In early ‘95, it was back to the UK and Europe, including Germany, Italy, Belgium, Spain, France, Holland, and Belgium. This tour triggered the single “Zombie” and “No Need To Argue” to No.1 simultaneously throughout Europe.
In America, they were filmed by MTV for their ‘Unplugged’ series. Then they made the cover of Rolling Stone Magazine. Later in the year, while stopping over in Washington, DC for a promotional visit, word leaks out that they’re going to do a free Unplugged show at the Washington Mall. A crowd of more than 10,000 turn up and the Police force the show to be cancelled for lack of security.
On the other side of the planet, the four band members are stunned at the sold-out banners for concerts in Japan, New Zealand and Australia.
More dates, more headline shows, more festivals, sharing the bill with the band they listened to before there even was a Cranberries ? REM.
“Everyday for me was a schedule,” Dolores continues. “I’d wake up at 9 and I’d have something to do every hour, at 12, something else at 3. There was always the make-up, to make me look cute. So what happens then is you never have a chance to look at your life, to realise what’s happening, until you take “the break” and you look back and you wonder – was that me?
“In a way now, when I look back at videos like “Ode To My Family ” (the album’s second single) or MTV Unplugged I look at it and I think to myself – I can’t really remember that.
“And in the middle of all that we were completely lost. And when the band were really huge I don’t think we were really enjoying it at the time. All we wanted to do was come off stage and get drunk. We didn’t sit down and talk to each other as much.”
One tour melted into the next in a never-ending journey across continents, to feed the fans.’sell the product’. All the band members agree – their lives rushed past like scenery through the window of a very fast train.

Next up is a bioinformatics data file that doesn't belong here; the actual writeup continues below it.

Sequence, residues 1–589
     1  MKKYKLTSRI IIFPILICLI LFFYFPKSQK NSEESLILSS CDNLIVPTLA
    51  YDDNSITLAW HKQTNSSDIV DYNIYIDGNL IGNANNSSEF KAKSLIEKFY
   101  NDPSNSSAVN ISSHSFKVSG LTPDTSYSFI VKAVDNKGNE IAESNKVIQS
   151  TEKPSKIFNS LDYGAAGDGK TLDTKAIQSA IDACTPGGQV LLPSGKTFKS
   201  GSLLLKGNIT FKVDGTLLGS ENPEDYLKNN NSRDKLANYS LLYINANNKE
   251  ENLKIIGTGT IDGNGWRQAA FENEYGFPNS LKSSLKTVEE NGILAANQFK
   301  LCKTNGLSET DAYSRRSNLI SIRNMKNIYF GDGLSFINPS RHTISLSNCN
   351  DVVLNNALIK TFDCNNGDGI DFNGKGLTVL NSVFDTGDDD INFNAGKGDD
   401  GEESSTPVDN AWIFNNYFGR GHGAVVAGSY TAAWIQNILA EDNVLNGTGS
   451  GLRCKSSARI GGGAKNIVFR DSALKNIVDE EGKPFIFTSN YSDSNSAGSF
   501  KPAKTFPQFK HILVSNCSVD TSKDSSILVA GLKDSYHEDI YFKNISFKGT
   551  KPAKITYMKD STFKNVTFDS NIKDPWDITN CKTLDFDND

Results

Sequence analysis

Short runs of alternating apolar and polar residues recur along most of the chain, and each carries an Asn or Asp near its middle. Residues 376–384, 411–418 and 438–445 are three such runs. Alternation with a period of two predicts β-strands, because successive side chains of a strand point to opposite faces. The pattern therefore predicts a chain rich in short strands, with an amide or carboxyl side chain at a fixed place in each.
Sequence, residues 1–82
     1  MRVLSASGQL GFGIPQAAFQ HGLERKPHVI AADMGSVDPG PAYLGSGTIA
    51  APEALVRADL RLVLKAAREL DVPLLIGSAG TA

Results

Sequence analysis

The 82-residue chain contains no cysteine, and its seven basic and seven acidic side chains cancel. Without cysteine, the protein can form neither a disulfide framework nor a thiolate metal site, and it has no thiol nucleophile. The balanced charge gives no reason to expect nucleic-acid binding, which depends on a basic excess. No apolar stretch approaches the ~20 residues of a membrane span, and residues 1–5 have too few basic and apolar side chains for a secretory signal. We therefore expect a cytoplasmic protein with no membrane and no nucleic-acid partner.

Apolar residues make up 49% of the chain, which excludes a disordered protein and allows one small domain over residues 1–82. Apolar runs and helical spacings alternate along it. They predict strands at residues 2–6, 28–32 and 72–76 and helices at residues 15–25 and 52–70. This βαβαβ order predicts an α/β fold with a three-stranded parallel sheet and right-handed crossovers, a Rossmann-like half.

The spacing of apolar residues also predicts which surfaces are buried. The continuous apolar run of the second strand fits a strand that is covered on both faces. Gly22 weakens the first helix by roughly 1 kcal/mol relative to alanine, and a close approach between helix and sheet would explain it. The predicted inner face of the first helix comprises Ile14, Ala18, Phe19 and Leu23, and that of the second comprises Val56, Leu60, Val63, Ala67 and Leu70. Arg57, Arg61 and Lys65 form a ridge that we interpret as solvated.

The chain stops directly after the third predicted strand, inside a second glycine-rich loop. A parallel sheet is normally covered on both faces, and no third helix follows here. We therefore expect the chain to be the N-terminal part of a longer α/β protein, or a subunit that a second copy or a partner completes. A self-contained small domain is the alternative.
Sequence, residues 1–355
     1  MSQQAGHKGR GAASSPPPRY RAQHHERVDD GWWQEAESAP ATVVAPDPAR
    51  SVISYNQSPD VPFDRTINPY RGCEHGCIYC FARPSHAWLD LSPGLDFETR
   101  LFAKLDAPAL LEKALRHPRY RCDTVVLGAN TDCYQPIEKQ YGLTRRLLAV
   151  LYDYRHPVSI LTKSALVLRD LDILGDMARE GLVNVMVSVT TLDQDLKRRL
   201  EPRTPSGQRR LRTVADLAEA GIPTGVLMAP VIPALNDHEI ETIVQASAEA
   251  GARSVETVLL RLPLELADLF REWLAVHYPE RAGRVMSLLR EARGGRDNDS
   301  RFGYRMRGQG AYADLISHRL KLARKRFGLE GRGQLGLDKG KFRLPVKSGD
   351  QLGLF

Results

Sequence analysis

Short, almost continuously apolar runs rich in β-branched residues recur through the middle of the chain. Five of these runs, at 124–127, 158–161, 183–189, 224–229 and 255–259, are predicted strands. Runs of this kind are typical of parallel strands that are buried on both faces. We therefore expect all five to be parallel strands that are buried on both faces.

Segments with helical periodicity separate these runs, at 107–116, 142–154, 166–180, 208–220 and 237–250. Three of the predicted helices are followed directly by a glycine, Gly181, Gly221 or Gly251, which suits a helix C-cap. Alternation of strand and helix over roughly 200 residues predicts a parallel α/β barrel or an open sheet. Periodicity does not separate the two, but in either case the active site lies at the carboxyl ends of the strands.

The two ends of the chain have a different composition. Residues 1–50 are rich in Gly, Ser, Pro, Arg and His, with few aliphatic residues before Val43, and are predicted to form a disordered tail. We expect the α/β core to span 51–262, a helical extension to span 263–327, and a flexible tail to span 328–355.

“It was like a dream”, said Mike. The rest of the band nod in reflection.
“The press were okay at the start,” Fergal adds. “But after the second album, that’s when it got really scary. It just got so big. There was no breathing space any more.”
“When you become that famous, you’re so protected that people start to think for you,” says Dolores. “There are people who speak for you, they do everything for you ? so much so that when you come off tour you expect to find your food waiting for you on the table!
“When you’re that hot all the simple little things in life are taken away from you.
“Okay, you have to have that protection around you because you’re in the public eye, but it becomes very strange because you become isolated from the world, you don’t feel very human and you don’t know what’s going on from one day to the next.”
September 1995, With the tour finally over, Dolores performed at a charity concert in Modena, Italy courtesy of a personal invitation of Luciano Pavarotti. She performed duets on “Ave Maria” with Pavarotti and “Linger” with Simon LeBon.
The Cranberries were on top of the world, riding the waves of fame while the fortune was beginning to roll in. The band took a few weeks off to enjoy some of that new fortune. And a good thing too. Striking while the iron was hot, it was then time to head back into the studio for album No. 3.
While on tour for “No Need To Argue”, Dolores and Noel somehow found the time to write new songs. The numbers were then arranged during pre-concert sound-checks and performed live, much to the excitement of fans who were keen to see where the music would go next.
So, October ‘95, the studio sessions began and the band felt they were ready to roll. Stephen Street was replaced by Canadian Bruce Fairbairn, producer to such names as Aerosmith & Bon Jovi, who brought with him a harder American rock style. The album was completed in just five weeks.
Everything seemed right. A new album with the prospect of a new tour. More singles, more rewards, there was only one thing missing from the band ? ‘a life of their own’.
“We had toured for a year and a half, non-stop hard-core gigging,” says Noel. “So we were playing with our eyes closed by the end of that tour. So the songs we’d written at sound-check ? we just brought them in and threw ‘em down.
“It was stupid. It got to the point where we’d finish up in the studio and go on the piss every night and come back in the following day with rotten hangovers. And we still put an album together through all that.”
The album was called “To The Faithful Departed”.
“We’d sold six million of the first album,” Dolores adds. “Then we sold more than double that for the second, so by the time we came out of the studio with the third album we didn’t care how much it was going to sell. Yet we committed to another tour. So we did it.”
“I listen to ‘Faithful Departed’ the odd time,” says Fergal. “It reminds me of such a horrible time, but it’s a great record and there’s some beautiful songs on there. It captures a moment, a side of us that we probably wouldn’t ever like to see again, but it’s there, on the record.”
“The third album reflected the feelings that I and the band were going through,” says Dolores. “It was the most negative and depressing album. We realised we needed a break, but we were afraid to take that break, in case you turn around and all your fans are gone and you’re history.”